Renting properties has become a more prolific business as of late. And if you have an empty home or apartment, it’s always better to have someone look after it for you and pay for utilities, instead of it rotting away. Not to mention you’ll be giving someone a roof over their head. However, some tenants can take advantage of that and even make your contract void. So here are seven signs to look out for.
1. The Rent is Late
First and foremost – the rent is late. Considering that you’ve prepared a contract in which you clearly state the date for the rent payment every month, if your tenant rarely (if ever), gets the rent ready and paid out on a set date every month, they are essentially disrespecting the deal between two law abiding citizens. Maybe it’s a few days late or maybe even a few months. This kind of behavior shows that the person doesn’t treat your agreement or contract as a formal one, but a casual arrangement that they can work around.
2. People Stay Over Longer
You are hearing rumors or finding evidence that your tenants are having people over. While this can be a regular occurrence, for example, when a family member visits or their partners stay over, some tend to overstay their welcome. There needs to be a point in the contract where you will determine how long a person may stay in your apartment as your tenant’s guest. Anything longer than that should require an additional fee on top of the rent.
3. False Information
There are tenants who give false information on their applications. As silly as it may sound, there are applicants who know that the landlords won’t choose them based on their unemployed state, history with prior landlords, or even a criminal record. Screen each application with care and always run background checks. These kinds of scams can be a little harder to spot, which is why a thorough research, a few calls – to the bank, their company or even to the police department will alleviate any doubts you might have.
4.Talk to your Neighbors
One of the best ways to know how your tenants are behaving and whether or not they’re trying to take advantage of you is to befriend your neighbors. Of course, if you haven’t already. Without actually having to monitor your property, neighbors will notice if there’s partying you didn’t allow, if they invited someone to stay with them longer than your contract allows or if they made some damage to the house and not reported it. Nurture a healthy relationship in which they will naturally come to you if they spot something out of the ordinary or if you’re having doubts and need a second pair of eyes.
A cause for some doubt that your tenants are taking advantage of you is avoidance. They almost never answer the phone, refuse to meet with you under the pretence of being too busy, cancel meetings and don’t allow you to check on the house every once in a while. This can be a red flag, and you might want to take some steps to see what exactly is going on. The odds of it being something illegal are slim, but it could be indicative of your tenants not wanting to pay the rent, or hiding a problem they know could get them evicted.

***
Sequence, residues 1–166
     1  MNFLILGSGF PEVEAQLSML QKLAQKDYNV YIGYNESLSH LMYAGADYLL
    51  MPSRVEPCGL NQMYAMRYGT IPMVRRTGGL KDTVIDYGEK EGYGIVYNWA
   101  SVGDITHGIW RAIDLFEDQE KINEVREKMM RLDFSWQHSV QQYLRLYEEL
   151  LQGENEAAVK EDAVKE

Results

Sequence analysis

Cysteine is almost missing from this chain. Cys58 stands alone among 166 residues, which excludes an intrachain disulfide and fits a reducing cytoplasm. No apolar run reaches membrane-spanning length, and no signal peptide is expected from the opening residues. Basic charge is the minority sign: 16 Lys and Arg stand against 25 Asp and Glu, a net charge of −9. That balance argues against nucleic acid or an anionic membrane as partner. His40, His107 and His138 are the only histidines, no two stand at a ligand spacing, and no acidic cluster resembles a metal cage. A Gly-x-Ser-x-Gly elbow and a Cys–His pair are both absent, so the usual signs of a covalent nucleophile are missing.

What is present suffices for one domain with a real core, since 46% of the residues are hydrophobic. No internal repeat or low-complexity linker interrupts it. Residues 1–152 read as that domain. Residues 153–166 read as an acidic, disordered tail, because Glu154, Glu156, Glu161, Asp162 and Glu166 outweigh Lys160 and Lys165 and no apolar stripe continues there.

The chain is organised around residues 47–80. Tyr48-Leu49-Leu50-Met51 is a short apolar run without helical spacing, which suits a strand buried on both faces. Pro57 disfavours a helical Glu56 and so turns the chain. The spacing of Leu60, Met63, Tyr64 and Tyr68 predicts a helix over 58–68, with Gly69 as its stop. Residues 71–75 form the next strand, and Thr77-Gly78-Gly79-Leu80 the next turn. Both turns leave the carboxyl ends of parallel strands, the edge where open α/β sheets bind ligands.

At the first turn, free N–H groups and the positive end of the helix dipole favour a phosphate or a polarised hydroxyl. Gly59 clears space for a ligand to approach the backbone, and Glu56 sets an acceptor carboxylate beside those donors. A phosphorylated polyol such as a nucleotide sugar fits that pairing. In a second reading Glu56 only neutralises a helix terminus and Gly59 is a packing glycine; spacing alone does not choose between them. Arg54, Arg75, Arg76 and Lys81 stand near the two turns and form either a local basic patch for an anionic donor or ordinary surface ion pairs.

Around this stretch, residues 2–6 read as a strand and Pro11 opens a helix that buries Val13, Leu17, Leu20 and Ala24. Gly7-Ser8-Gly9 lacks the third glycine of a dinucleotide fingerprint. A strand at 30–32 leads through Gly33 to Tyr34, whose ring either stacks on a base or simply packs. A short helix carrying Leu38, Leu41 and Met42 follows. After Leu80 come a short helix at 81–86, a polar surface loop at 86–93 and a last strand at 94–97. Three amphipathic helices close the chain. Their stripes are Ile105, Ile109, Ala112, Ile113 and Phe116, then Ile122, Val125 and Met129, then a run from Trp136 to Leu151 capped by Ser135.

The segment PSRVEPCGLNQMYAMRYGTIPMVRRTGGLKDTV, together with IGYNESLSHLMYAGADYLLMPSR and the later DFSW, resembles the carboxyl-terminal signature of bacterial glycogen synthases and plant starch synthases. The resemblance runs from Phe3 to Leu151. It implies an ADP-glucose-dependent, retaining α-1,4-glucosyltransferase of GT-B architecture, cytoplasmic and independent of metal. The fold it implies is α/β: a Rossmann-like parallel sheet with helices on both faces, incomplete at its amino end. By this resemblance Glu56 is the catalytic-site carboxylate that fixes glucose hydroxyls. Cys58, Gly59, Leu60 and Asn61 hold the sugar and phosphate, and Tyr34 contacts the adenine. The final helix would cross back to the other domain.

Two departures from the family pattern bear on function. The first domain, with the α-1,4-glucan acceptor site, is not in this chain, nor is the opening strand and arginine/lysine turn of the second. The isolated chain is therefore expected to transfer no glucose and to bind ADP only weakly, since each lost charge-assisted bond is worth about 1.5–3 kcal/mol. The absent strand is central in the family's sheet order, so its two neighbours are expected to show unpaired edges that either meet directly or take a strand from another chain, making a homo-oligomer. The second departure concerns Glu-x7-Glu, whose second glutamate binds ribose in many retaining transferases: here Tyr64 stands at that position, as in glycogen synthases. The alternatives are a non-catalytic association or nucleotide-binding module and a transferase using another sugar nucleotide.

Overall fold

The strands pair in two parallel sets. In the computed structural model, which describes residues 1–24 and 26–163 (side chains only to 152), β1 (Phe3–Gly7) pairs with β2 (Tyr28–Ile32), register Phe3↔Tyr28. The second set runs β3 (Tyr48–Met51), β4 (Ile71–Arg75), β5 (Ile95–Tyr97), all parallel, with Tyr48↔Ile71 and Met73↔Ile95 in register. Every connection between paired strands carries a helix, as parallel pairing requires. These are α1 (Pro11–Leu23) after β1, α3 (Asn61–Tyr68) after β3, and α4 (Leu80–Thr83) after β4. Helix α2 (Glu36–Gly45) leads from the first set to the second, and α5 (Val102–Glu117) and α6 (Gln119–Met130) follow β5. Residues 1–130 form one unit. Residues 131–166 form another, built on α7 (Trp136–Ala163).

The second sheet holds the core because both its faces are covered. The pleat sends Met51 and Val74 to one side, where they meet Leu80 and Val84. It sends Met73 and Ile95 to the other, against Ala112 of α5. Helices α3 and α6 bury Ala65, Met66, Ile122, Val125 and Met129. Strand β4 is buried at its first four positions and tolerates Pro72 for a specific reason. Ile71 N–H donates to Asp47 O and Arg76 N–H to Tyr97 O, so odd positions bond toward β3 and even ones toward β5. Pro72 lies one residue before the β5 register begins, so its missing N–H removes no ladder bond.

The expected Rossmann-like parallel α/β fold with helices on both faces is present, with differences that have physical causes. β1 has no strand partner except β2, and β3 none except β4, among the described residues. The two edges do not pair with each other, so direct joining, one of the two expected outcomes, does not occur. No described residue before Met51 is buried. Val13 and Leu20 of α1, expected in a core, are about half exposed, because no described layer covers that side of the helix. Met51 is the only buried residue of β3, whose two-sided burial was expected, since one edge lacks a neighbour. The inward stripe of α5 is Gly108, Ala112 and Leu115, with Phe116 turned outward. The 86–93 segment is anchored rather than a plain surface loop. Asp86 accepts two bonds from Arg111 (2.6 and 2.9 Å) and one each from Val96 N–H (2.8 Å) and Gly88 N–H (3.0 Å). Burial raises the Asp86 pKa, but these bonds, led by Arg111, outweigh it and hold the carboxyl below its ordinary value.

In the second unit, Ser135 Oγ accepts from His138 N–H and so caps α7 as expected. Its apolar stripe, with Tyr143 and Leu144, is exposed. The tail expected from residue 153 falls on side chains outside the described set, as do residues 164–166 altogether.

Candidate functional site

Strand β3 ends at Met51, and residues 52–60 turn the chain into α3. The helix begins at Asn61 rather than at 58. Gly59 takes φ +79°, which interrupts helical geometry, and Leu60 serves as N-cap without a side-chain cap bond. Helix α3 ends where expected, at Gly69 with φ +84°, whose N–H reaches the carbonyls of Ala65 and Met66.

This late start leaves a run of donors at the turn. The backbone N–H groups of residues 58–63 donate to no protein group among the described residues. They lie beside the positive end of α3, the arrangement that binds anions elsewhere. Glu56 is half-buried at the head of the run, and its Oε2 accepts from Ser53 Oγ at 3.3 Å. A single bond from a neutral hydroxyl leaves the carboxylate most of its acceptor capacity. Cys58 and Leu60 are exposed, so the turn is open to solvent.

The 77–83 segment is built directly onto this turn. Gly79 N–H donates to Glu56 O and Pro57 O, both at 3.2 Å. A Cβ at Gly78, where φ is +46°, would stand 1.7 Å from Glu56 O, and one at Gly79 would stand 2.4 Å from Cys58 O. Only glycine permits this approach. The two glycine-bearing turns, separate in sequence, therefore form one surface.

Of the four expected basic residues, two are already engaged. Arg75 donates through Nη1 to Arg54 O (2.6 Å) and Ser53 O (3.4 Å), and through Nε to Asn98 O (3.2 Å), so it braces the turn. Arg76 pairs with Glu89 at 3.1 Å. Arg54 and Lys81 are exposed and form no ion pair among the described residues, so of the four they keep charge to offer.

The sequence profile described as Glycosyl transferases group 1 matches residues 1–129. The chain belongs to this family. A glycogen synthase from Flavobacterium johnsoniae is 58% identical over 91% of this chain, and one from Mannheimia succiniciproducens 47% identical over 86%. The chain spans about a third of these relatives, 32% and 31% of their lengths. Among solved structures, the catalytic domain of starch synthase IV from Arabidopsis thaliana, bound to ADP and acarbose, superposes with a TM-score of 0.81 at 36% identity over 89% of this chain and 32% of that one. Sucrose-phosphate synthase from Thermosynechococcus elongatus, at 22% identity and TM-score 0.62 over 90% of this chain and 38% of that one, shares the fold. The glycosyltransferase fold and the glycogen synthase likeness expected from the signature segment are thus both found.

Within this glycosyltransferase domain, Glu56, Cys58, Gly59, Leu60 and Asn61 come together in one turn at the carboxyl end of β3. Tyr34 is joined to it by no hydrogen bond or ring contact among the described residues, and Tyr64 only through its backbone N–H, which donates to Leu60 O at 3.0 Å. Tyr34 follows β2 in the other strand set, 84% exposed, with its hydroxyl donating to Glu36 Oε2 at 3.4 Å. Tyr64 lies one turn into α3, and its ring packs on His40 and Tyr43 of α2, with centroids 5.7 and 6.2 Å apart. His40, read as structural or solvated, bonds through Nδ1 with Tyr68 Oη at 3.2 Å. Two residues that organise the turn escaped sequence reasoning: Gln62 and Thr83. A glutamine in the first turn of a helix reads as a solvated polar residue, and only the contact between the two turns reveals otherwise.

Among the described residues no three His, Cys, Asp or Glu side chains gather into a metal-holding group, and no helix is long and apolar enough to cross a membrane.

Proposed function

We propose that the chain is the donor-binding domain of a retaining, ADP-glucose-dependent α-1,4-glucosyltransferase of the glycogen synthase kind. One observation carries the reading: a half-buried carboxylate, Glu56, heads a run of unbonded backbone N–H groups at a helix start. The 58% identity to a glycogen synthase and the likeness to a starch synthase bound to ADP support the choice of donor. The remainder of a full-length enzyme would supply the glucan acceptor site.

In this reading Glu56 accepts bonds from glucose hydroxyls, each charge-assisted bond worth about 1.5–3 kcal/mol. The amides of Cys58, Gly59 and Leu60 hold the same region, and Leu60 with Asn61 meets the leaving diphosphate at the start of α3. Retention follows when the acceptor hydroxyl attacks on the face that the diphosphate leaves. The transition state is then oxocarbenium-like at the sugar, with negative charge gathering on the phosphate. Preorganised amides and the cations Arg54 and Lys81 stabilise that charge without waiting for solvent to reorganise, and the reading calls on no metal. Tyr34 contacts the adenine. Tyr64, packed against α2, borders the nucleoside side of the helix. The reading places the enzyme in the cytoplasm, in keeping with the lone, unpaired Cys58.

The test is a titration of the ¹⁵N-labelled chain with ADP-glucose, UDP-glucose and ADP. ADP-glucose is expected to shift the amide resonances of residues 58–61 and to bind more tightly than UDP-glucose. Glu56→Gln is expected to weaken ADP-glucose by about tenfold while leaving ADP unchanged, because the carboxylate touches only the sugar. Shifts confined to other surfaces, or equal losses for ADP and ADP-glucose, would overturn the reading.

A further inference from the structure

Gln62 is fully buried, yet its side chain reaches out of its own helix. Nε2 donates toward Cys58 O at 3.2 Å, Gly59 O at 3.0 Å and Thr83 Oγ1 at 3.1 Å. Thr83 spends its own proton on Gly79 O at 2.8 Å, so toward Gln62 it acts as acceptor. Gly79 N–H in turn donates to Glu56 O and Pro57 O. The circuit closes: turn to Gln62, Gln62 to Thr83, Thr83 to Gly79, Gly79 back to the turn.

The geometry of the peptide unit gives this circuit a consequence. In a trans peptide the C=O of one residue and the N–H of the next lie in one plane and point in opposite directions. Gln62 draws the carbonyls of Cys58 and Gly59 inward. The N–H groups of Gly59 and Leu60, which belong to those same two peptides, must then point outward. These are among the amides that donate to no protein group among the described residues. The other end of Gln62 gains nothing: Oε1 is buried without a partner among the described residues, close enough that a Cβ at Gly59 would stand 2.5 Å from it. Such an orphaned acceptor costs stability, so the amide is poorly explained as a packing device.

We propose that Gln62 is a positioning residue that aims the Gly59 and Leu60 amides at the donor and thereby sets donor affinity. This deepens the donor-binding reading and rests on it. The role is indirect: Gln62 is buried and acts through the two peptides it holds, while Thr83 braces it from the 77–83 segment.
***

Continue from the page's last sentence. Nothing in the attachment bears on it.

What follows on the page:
6. They Won’t Move Out
Last, but not least, the tenants refuse to move out. There is no subtle indication, or a hint before it happens. One day, when you decide to take the rent, they simply announce wanting to stay, maybe managing to find a loophole in your contract or property papers that can wager in their favor, should you take this to court. More often than not, the law will be in their favor, unless you have a strong contract and a great lawyer. If something like this happens, there are plenty of legal mediation services that can help you and your tenants communicate and hopefully find a solution.
7. You Talk to a Different Person Each Time
When you rent your property to a group of people or a family, make sure to designate the main person for negotiations and regular communication. If you often hear the phrase “he/she didn’t tell me you talked” or “he/she said they’d pay the rent”, you have a problem. This adds to your confusion, and the rent again may be late or even missing. Even if they’re not trying to cross you, the tenants are showing a high level of irresponsibility, which alone should have you second-guess them as property renters.
Being a landlord is a tricky business. It requires a lot of bad experiences to perfect your “sixth sense” when it comes to tenants. However, a tight contract, good legal support, and a thorough background check on your applicants gives you a proper head start. Having neighbors as your allies when you start suspecting something can save you a lot of trouble later. Most of all, try to nurture a firm, but trusting relationship with your tenants, to be taken as a professional.
Author Bio: Hannah Thomas is an expert in business innovation and management with a love for writing. She is always eager to learn new things and to share the knowledge she acquired along the way.
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